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by Abigail Van Buren

Co Worker's Wedding Is No Cause for Celebration

DEAR ABBY: One of my co-workers is being married next month and has invited most of the office to her wedding. I had planned on buying her a gift, but probably won't attend. We are not close. She has been very difficult to work with. She's possibly the most two-faced person I have ever known.

I have overheard this woman putting me down to co-workers, clients and vendors during the entire 4 1/2 years we have worked together. I am seriously considering leaving this company because of her. My supervisor has told me on several occasions that I am "on my own with her."

Today she had the nerve to drop a very broad hint that she would like an office wedding shower. I am this company's office manager, and organizing such an event would be up to me.

I am almost 50 years old, have worked at several other companies, and have never heard of an "office wedding shower." Aside from my strong dislike for this co-worker, I want to do what is correct. What do you recommend? -- AWAITING ADVICE IN WASHINGTON STATE

DEAR AWAITING: Since your heart isn't in it (and with good reason), don't allow yourself to be maneuvered into arranging a shower. To get yourself off the hook, see if someone she's closer to would care to host a shower for her outside of office hours.

DEAR ABBY: I would like to tell "A Friend in Chicago," who was concerned because a family refused to take their 92-year-old grandmother to the doctor, that there is an agency serving people over 60.

In 1965, the Older Americans Act was enacted by Congress. It allocated funding for numerous "Area Agencies on Aging" across the United States. They are listed in local phone books. They provide resources for transportation, home-delivered meals, respite care, income tax preparation, medication assistance, flu shots, heating and cooling assistance, homemaker services, housing, legal assistance, where to report suspected neglect or exploitation of elderly persons, and more.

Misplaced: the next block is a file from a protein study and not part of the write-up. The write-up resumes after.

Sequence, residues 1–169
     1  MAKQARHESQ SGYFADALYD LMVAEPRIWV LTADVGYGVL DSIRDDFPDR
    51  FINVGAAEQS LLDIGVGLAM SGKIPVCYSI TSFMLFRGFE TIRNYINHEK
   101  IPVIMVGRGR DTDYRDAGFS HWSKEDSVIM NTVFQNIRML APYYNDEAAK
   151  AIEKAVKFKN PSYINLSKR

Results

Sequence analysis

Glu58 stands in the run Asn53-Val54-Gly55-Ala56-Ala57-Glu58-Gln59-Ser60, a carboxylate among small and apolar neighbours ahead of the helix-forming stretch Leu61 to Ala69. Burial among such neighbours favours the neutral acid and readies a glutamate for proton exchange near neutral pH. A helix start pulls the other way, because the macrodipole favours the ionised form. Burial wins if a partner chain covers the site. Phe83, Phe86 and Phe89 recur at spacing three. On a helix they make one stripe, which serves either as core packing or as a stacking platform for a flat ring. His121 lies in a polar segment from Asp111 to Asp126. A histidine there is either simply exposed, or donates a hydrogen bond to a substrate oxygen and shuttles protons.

They also help coordinate recreational activities, such as senior games: bowling tournaments, track, basketball free throw, golf, shuffleboard, and more. Senior centers across America provide numerous activities and services for both active and homebound seniors. They will, if asked, also provide daily telephone reassurance calls and/or weekly visits to ensure the safety and well-being of the senior in question. -- JENNIFER E. RABALAIS, SOUTHWEST TENNESSEE AREA AGENCY ON AGING

DEAR JENNIFER: I'm sure many people will be surprised and relieved to know that so much help is so close at hand. Thank you for writing.

DEAR ABBY: We are a group of senior women who enjoy dining out.

After a good meal, one of our menfolk likes to seek out the young hostesses, encircle their waists, look deep into their eyes and tell them what a great meal he's had.

What do you think of this behavior? -- DAILY FLORIDA READER

DEAR FLORIDA READER: I think he wants some free dessert.

Dear Abby is written by Pauline Phillips and daughter Jeanne Phillips.

For everything you need to know about wedding planning, order "How to Have a Lovely Wedding." Send a business-size, self-addressed envelope, plus check or money order for $3.95 ($4.50 in Canada) to: Dear Abby, Wedding Booklet, P.O. Box 447, Mount Morris, IL 61054-0447. (Postage is included.)

4520 Main St., Kansas City, Mo. 64111; (816) 932-6600